With dengue capturing the national attention, floods have been relegated to the back burner. A phenomenon blighting mostly the capital city -although lately its outbreak is reported from all 64 districts, dengue has undoutedly been giving a nightmarish time to all concerned. Hospitals are struggling to deal with the record number of patients seeking admission. This should not, however, be a reason for turning a blind eye to the rampaging floods that have already put at risk lives of 7.6 million people, according to the International Federation of Red Cross and Red Crescent Society (IFRC).
The Google prediction is direr. The floods may turn worse. All signs are indicative that the build-up points to an ominous prospect. In the country's north and north-eastern parts, hundreds of thousands people have been displaced, marooned or stranded and 600,000 houses damaged. Compared to the number of affected people, the death toll looks limited but that figure is not negligible either -about 120 by this time. An aggravating turn of the flood situation looms large.
It was reported that floods were receding from many parts but now that the river Brahmaputra is in spate, it is feared that the floods will have their second round of visitation. Even if floods did not affect the affected areas afresh, the humanitarian crisis could not be averted. Water-borne diseases like pneumonia and skin problem have already broken out among flood victims who have been forced to live in unhygienic and unsanitary conditions in makeshift shelters. Access to safe drinking water is impossible for them unless arrangement for its availability is made on a priority basis.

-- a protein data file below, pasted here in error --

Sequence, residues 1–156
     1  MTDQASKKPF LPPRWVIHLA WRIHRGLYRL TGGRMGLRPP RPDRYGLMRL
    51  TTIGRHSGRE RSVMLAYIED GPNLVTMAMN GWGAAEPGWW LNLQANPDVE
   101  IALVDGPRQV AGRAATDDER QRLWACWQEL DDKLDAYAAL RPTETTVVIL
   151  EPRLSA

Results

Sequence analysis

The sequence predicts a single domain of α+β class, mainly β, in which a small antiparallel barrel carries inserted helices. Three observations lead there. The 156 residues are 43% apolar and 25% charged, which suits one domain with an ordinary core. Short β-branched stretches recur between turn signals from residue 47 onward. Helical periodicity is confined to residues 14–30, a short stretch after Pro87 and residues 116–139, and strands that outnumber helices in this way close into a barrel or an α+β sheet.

Next come foods. People who can manage three square meals a day in normal situation become vulnerable in time of calamities like this. Floods have already destroyed one of the two annual main crops -paddy this is -farmers in the affected areas are used to grow. But families do not live on food grains alone, they produce supplementary crops such as vegetables, develop fisheries or raise ducks and chicken or have mulching cows or goats to supply them with eggs, flesh and milk. Those are the sources of protein and nutrition for families in villages. In time of floods, they lose most such supplementary sources and become increasingly vulnerable to diseases.
In a situation like this, the poor in particular with no savings for the future find it difficult to survive without relief materials. It is an ugly truth confronting the nation that the spirit of charity in general is on the ebb. Dengue outbreaks in the capital and other urban localities seem to have made the matter worse. The youths who were the ones to take lead in responding to the needs of the flood-affected people have become rarer indeed. In the past, groups of young men of urban localities appealed in procession to their neighbours for donation of money or unused clothes for distribution among the affected people.
There was even a kind of competition among youth wings of different political parties to raise money or foods for flood victims. Some of them might have accomplished self-promotion through such activities but then there were some who genuinely felt that it was their life's mission to save the humanity in distress. It was not long ago that bands of youths overlooked risks in order to distribute relief goods and in the process one or the other among them embraced death.
If the floods take turn, as predicted, for the worst, the government agencies will not prove enough for the purpose. Volunteers who have no ulterior motive but whose hearts cry for the humanity in distress are in demand. The spirit of fellow-feeling and service to the humanity must be revived if the country wants to face the increasing challenges posed by the climate change.